One of the great selling features for SAP Analytics Cloud is a stunning visual UX that it can provide users in both Planning and Analytics scenarios alike. In my experience with implementing SAP Analytics Cloud for the past 3 years is that most customers gravitate to the fresh and stunning look of the UI. That being said, far too often, however, I see developers and customers being told that the only way that SAP Analytics Cloud can handle a more intuitive and tailored UX for end user personas is with the usage of Analytics Designer.
To be clear, Analytics Designer is a fantastic extension of SAP Analytics Cloud and really enables companies to completely customize and create tailor-made solutions for their end users. That being said, it also necessitates creating the entire experience (from a developer perspective) to be done within an application with the usage of scripting and extensions. Make no mistake Analytics Designer is a fantastic tool in SAP Analytics Cloud’s arsenal.
In this blog post I would like to focus on tips and tricks that can be leveraged with out of the box and native features within standard Stories that allow someone to create a visually stunning and user intuitive UX.
I’ve attached a few screens and would like to discuss the merits of how they aid the overall UX:
The above screen is a ‘Landing Page’ (sometimes also known as a Launch Page). This can be a user’s first point of entry when accessing their Planning or Analytics process within any related cycle. If this is the first tab within a Story even a simple hyperlink (all Stories have a standard hyperlink) placed on internal SharePoint or SharePoint-type site/Portal can ensure a user does not even have to navigate through their respective SAP Analytics Cloud tenant to access their Story. They can click the link and have a browser window automatically open to this Story’s Landing Page.
(you can even customize the link for a more user-friendly link)
A consistent theme, and colour palette across Story tabs as illustrated above go a long way in guiding a user to intuitively use a Story.
Instead of having a user navigate via the Story tabs (or drop-down menu) we can make these subsequent tabs hidden and attach tiles (which can be any image/shape created directly within or outside of SAP Analytics Cloud) and then hyperlink these shapes to the tab destination itself. Clicking these tiles now enables them to navigate to the appropriate tab of the Story directly:
We also have the ability to add features such as Dynamic Text for the ‘username’ to appear in addition to informing them which Cost Center and Version (or any other dimension as needed) that they’ve selected:
We also have the ability to incorporate nice-to-have features such as Webpages and Clocks directly:
In the case of the Web Page, I’ve chosen to include a Google Slide which could allow the user to see within the window, critical information related to the process that they may be involved in:
The explicit usage of Clocks/Date and Username in the Landing Page and subsequent Story tabs allows a user to be aware of these variables should they choose to publish/export these Story tabs as PDFs later.
Another area that may aid a user as a ‘one-stop-shop’ would be the footer section of the page to contain other external hyperlinks which they may need access to. In the case of Planning opening up a support incident or reading more detailed documentation may allow a user to navigate and complete their process more expeditiously:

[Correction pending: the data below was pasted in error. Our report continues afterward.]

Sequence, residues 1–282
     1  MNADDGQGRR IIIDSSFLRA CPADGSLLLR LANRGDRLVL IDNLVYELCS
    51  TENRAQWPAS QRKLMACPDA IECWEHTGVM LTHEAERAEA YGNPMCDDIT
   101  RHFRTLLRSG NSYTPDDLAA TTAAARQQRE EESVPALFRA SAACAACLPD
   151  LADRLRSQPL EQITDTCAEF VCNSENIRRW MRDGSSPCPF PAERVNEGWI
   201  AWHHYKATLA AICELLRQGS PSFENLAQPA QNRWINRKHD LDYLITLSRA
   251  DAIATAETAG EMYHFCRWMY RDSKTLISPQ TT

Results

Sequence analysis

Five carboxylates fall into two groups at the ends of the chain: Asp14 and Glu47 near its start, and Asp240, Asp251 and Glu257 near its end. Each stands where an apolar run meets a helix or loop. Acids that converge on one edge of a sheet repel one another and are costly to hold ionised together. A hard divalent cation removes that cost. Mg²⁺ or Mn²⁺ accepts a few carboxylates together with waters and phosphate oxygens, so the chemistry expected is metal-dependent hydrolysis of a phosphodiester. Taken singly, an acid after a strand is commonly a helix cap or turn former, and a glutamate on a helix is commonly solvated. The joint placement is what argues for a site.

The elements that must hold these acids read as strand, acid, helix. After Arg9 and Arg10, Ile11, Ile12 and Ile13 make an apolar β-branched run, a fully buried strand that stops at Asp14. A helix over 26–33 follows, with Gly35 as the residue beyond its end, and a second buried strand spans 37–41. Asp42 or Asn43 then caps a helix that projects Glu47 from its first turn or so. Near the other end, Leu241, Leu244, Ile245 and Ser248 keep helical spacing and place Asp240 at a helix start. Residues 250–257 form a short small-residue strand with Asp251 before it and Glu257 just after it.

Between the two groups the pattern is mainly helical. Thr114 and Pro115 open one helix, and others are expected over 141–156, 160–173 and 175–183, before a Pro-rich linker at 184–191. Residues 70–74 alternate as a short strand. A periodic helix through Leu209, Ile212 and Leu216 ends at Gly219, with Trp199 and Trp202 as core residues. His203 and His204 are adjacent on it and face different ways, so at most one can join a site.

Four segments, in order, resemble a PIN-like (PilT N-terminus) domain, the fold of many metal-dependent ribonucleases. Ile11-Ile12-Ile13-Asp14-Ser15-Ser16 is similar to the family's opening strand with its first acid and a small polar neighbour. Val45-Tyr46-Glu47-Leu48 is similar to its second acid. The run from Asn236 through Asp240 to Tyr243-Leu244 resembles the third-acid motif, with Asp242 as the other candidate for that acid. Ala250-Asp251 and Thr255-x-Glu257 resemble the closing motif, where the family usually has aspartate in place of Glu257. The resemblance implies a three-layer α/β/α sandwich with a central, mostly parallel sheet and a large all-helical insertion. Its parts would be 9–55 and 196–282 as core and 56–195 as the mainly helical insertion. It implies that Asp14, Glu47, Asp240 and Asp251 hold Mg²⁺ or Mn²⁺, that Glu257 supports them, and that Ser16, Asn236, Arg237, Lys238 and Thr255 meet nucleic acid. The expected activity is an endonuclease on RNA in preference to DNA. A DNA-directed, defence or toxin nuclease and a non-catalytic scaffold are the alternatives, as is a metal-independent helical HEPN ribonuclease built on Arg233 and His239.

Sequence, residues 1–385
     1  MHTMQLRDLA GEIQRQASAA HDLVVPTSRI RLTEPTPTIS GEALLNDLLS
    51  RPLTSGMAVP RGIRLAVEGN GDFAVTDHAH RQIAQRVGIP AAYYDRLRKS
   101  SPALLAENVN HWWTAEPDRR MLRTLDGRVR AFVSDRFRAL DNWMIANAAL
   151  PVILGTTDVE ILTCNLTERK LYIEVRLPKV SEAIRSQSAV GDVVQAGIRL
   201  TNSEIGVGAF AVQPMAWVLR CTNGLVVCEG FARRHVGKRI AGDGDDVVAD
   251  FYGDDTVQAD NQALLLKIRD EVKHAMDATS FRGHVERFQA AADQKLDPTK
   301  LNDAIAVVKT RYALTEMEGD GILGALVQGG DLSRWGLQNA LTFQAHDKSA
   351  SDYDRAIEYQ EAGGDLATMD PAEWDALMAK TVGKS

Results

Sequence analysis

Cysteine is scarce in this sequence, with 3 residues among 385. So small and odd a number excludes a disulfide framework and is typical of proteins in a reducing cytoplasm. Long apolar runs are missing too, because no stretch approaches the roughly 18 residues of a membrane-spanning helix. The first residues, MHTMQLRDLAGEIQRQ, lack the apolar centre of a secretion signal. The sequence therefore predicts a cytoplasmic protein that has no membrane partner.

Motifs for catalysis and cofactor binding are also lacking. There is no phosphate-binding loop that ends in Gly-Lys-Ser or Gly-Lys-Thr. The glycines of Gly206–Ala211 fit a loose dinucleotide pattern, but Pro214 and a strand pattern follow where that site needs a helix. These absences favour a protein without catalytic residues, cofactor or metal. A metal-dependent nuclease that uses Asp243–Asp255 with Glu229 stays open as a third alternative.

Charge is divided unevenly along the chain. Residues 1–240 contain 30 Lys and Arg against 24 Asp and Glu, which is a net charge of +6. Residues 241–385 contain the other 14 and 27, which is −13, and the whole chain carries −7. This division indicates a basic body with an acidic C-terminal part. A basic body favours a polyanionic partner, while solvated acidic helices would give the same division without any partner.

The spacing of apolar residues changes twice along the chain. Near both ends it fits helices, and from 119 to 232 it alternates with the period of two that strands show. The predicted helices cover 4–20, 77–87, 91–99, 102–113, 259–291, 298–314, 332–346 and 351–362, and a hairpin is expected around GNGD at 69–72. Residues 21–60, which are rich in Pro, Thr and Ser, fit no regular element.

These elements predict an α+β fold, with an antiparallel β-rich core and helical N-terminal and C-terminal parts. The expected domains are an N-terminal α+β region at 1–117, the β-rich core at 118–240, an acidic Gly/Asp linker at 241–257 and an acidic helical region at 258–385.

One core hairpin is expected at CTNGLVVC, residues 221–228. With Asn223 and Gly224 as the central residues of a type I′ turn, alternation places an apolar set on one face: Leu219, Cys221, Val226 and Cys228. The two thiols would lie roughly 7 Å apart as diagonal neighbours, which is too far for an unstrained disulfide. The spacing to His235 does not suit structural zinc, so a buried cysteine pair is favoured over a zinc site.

One other area that can certainly aid a user in their process is where they currently sit in their process and what activities they have left to complete. SAP Analytics Cloud has a powerful Calendar tool that can do this in a more established, tightly-controlled manner. However, what if a user would like to have help navigating when all of these steps sit within one Story itself? A breadcrumb menu approach can certainly aid this:
In this example I’ve used the top section of a Story tab and re-purposed it for our breadcrumb menu. Each of these serves as a hyperlink to the specific tabs in the Story itself. They’re also tied in a step-wise process manner (start from the left and end on the right) and also allow a user to return the Landing Page at any time by selecting the ‘home’ icon. Again, all of these are images that can be uploaded into image library for the SAP Analytics Cloud Story directly (as demonstrated earlier). Finally, we’ve also allowed the user to be aware of where they stand in the process by both providing a title of the Story tab in the left-hand corner and highlighting (enclosing their related tile) via a red border.
Finally, once a user becomes comfortable with their user selections within the Story, they can set bookmarks and ensure that anytime they access the Story it automatically retains their user selections. This is yet another powerful feature that allows users to pick up where they left off in repetitive cycles without having to re-select their variables:
This concludes our How-To, I hope you have found this blog post useful as I feel it’s incumbent on everyone to understand some of the foundational pieces of SAP Analytics Cloud when it comes to UX before jumping straight into more advanced capabilities of Analytics Designer.
As we progress into the new year I will continue writing on a host of topics as it pertains to SAP Analytics Cloud. My goal will be to continue to provide my experiences with creating various solutions to business problems and customer requirements. The underlying theme for these solutions will be focusing on best practices and where creativity is necessitated still having an eye on sustainability.
Thank-you and stay tuned for subsequent blog posts.